Dirty Laundry

“Kick’ em when they’re up, kick ‘em when they’re down, we need dirty laundry.” Don Henley

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It’s a dirty, grimy world out there. Plenty of dirt to go around. Nobody misses out. People sling it every day. Touch anything, touch anybody, verbally or physically, dirty laundry.

Detachment avoids contamination. Back off six feet, mask up, be seen, not heard. Avoid contact. Keep your eyes in their sockets. They’re a wandering menace, prone to take you on a trip your body can’t handle. The stench of dirty laundry follows closer than a smelly shadow.

Everyday words are dirty laundry. Not just expletives, but regular, household words. The dirt in the heart taints them. Words can collect dirt almost as fast as a Wuhan scientist can disappear. Their slime can coat you quicker than a politician can say “fully paid for,” or “build back better.”

Pick up the morning paper, wade into the mucky world of words oozing with shallow insincerity, “I know you’re hurting, and we’re all in this together.” Tell that to someone whose house Ida just blew away, or whose spouse died of Covid or whose son died in Afghanistan.

“Dirty little secrets

Dirty little lies

We got our dirty little fingers

In everybody’s pie

We love to cut you down to size

We love dirty laundry.”   Henley again

Here’s a week’s worth of dirty laundry, heading for the cleaners. Decorum prohibits me from sending the photo of the stuff I’m too embarrassed for someone else to wash. It’s hard to know if my wash jobs work in the first place.  Too much detergent, or too little.  Just pour some in and hope for the best.

Our washing machine is state of the art, a technological masterpiece. No, Alexa is not connected so it won’t respond to voice commands, which may be a good thing. It might give me some rebuttal, like, ‘load too big, too dirty, try swimming pool.’ Besides, the dial is complicated, too many choices.

I examine it intently. Normal, casual, bulky, silk, delicates, wool and on and on. I scratch wool off the list since the time I washed a wool blanket that the dog had used for his bed. It came out the size of a handkerchief. Some lessons are expensive to learn.

Despite its complicity, it beats the days of old when dirty laundry had to be washed by hand in boiling caldrons using ashes, Borax, lye soap and stirred with a stick. I always wondered what function the stick played in washing.  The answer was in the instructions for our washing machine.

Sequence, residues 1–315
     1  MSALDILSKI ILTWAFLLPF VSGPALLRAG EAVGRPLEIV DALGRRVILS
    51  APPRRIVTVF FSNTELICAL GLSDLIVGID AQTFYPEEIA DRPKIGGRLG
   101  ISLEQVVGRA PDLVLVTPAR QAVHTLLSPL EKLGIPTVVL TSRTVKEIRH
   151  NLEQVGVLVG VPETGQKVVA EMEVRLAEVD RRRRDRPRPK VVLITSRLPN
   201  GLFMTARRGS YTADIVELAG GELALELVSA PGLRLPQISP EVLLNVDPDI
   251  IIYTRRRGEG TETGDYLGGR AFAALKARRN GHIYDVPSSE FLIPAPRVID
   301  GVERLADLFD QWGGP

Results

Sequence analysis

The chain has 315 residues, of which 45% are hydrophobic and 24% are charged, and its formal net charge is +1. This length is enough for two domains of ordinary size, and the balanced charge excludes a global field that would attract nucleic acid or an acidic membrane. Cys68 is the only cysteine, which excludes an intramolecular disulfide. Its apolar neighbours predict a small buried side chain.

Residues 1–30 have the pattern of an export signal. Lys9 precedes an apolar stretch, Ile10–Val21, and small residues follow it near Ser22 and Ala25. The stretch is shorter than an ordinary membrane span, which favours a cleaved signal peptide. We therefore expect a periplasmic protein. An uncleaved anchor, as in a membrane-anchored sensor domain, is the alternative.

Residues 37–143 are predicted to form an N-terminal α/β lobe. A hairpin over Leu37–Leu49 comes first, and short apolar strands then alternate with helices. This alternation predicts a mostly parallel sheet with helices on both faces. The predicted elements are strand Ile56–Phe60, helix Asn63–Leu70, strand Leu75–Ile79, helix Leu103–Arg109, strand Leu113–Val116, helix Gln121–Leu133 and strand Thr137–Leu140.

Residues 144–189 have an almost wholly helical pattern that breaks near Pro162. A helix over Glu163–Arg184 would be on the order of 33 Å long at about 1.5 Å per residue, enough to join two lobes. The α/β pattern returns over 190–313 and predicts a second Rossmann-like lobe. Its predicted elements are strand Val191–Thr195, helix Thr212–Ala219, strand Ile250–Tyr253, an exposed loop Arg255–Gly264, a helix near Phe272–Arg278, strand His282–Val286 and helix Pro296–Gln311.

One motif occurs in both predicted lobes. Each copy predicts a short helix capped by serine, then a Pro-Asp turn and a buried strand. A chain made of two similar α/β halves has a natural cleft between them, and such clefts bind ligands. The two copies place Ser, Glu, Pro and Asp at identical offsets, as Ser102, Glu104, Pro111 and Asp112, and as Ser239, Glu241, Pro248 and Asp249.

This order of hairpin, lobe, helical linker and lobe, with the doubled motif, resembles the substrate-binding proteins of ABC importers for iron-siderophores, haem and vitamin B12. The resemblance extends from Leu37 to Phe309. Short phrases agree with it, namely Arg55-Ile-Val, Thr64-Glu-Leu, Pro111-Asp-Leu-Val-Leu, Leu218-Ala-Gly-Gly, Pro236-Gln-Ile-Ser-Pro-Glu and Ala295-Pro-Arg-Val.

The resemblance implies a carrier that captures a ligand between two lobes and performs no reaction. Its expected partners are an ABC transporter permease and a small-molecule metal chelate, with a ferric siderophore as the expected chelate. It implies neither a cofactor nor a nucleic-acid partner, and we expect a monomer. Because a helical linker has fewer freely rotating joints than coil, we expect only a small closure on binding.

Washing machines have what’s called an ‘agitator’ to break up the dirt in clothes. It’s superior to the old method of beating clothes on flat rocks down by the river to loosen the grime. Now it’s all done in a neat, enclosed environment, quietly efficient. Agitation can break up a lot of things.

In the afterdays of REA in the ‘50’s when electricity finally lit up most small towns, I barely recall the rollers used by my mother to squeeze out the final water from the clothes before they headed for the clothesline.

Yes, a clothesline in the back yard. Didn’t everybody? They say sun drying clothes makes them fresher. It was certainly better than wearing them soggy. And back-yard clotheslines were a young boy’s delight on Mondays (always wash day). What better thrill than to observe the neighbor’s 38 double-d ‘delicates’ blowing in the breeze and fantasize over the contents.

But back to today’s washing machines.  There are four basic functions: Prewash, Wash, Rinse and Spin.  Each speaks for itself in function. Throw in the dirty laundry, hit power and that’s it. The machine does the rest.

Ah, yes, the ‘Machine,’ the ubiquitous Newspeak washing machine. These media machines spin uncontrollably, on air waves, screens, tweets and ink. They whitewash all dirty laundry, scrubbing clean all thoughts, words and deeds with warp speed and efficiency. They cleanse all inconvenient truths.  Muckraking can be sanitized and sterilized whiter than a convent of nuns, bleaching the tiniest stain of detail from fiction, failure and delusion.

After thorough washing and sufficient spinning, the cycle concludes.  Mission accomplished. Dirty laundry is nice and neat, ready to hit the streets again.

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And what is the upshot of all this washing? “Though your sins be as scarlet, they shall be as white as snow.” Dirty laundry, down the memory hole.

He that hath ears to hear, listen up:  Read between the lines.


Bud Hearn

September 8, 2021